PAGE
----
One of my students asked me if I didn’t get bored watching the same thing multiple times. I told him that I wasn’t worried about that; I had been bored before and I would be bored again and I knew what to do that was socially appropriate when/if I ever was bored.
I told him that I would be worried if I didn’t react. Not reacting would mean that I had somehow become desensitized; becoming desensitized would mean that I didn’t feel. I told him that I didn’t worry about being bored. I would worry if I didn’t FEEL.
I shared that with every class, every student. I didn’t try to hide my emotions. I told them that this movie affected me on every level: as their teacher, as a parent, as a human being, as a victim.
I gave my students the challenge to sit alone in the cafeteria at lunch one day and become an observer. Who sits alone? Does anyone come along to sit with that person or invite that person to a table with others? Is anyone being harassed? If so what is the harassment? How does the person who is being harassed respond? Does anyone else notice? Do adults notice? If so, what do they do? I warned them not to evaluate, just observe behaviors. The discussion of their observations comes next week.
I invited a wonderful friend, a retired teacher, to come to my class for moral support because teachers don’t get “tears” timeouts and the show must go on.
After I turned off the movie, I stood in front of my students, fought through the tears, and said something like this to every class.
“At the end of the movie, Tyler’s dad wore a t-shirt with a delta sign that said ‘Be The Change’ and said that everything starts with one. It does. Change starts with one. It’s how we make a difference. In the movie, Kelby realized that it would take multiple people in multiple places across time to make things happen.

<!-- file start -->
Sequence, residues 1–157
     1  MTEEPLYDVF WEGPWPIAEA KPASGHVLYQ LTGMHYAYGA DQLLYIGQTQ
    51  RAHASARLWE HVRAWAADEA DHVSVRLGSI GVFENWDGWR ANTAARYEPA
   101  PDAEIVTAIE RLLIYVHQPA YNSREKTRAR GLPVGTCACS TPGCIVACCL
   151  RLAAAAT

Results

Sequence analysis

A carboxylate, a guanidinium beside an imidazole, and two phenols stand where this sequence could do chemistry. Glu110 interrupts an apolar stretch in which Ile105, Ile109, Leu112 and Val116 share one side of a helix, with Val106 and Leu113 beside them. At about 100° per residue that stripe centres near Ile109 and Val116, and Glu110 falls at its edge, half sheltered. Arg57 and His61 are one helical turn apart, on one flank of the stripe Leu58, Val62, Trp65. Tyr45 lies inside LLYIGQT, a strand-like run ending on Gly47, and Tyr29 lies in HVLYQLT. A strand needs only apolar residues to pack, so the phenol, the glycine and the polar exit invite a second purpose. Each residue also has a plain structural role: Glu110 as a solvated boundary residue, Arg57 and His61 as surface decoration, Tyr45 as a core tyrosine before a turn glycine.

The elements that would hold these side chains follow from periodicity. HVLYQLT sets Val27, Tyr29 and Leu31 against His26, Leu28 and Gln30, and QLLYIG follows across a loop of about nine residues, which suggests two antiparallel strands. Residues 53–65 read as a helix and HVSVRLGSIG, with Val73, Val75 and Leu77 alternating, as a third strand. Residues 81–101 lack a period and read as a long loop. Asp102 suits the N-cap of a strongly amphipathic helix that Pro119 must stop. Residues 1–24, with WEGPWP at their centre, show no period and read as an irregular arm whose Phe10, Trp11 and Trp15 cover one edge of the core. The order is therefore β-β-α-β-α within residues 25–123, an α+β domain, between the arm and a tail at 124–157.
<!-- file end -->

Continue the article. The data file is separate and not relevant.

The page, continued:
“I believe everything starts with one. And bullying stops with each one of you. It stops every time you make a choice to not make that comment about someone you don’t like. It stops when you squash the rumor. It stops when you stand up for someone instead of ignoring what is happening to him or her. It stops when you step out of your comfort zone to meet someone new. It stops every time you are kind to someone. It stops when you include someone you might normally exclude. It stops when you find out what you have in common with people rather than teasing them or putting them down for the differences. It stops every time you reach out to help someone or reach out for help because you need it. It stops with one act, one kind word, one choice at a time.
“I understand that some of you got this before you walked in here to see this movie. I understand that some of you get it a little more, maybe for the first time, by seeing this movie. I understand that some of you still don’t get it and you might not ever get it until it affects you or someone you love personally. Just like Kelby’s father said he didn’t understand that depth of hate and ugliness that exists in the world until he was the father of a gay child. I also understand that some of you might not get it ever.
“And I understand that some of you are going to walk out that door and laugh at me. I’ll be okay. Everything starts with one. Bullying stops with each one of us. Be the change.”
I got a lot of silence. I know kids were processing both what they had seen and what I had said. The two spontaneous hugs from kids were nice. Gave me hope.
Next week as we wrap this up, I will give my students a pebble to remind them that something small can make a big difference just like that pebble when dropped in water makes ripples that spread out. I hope they don’t end up on the floor. Or worse.
I have been told that my class is a semester-long class. That means that next semester I will do this all over again.
Lest anyone go there, no, I don’t think I’m all that. I have wonderful students, I work with some amazing people, and I am blessed beyond words to have people who love and support me.

Patte has been working in education for over thirty years, twenty-five of them as a certified teacher. She started out teaching adults who were either studying for the GED, taking high school completion classes, or learning to speak English. She now teaches middle school students in Lansing, Michigan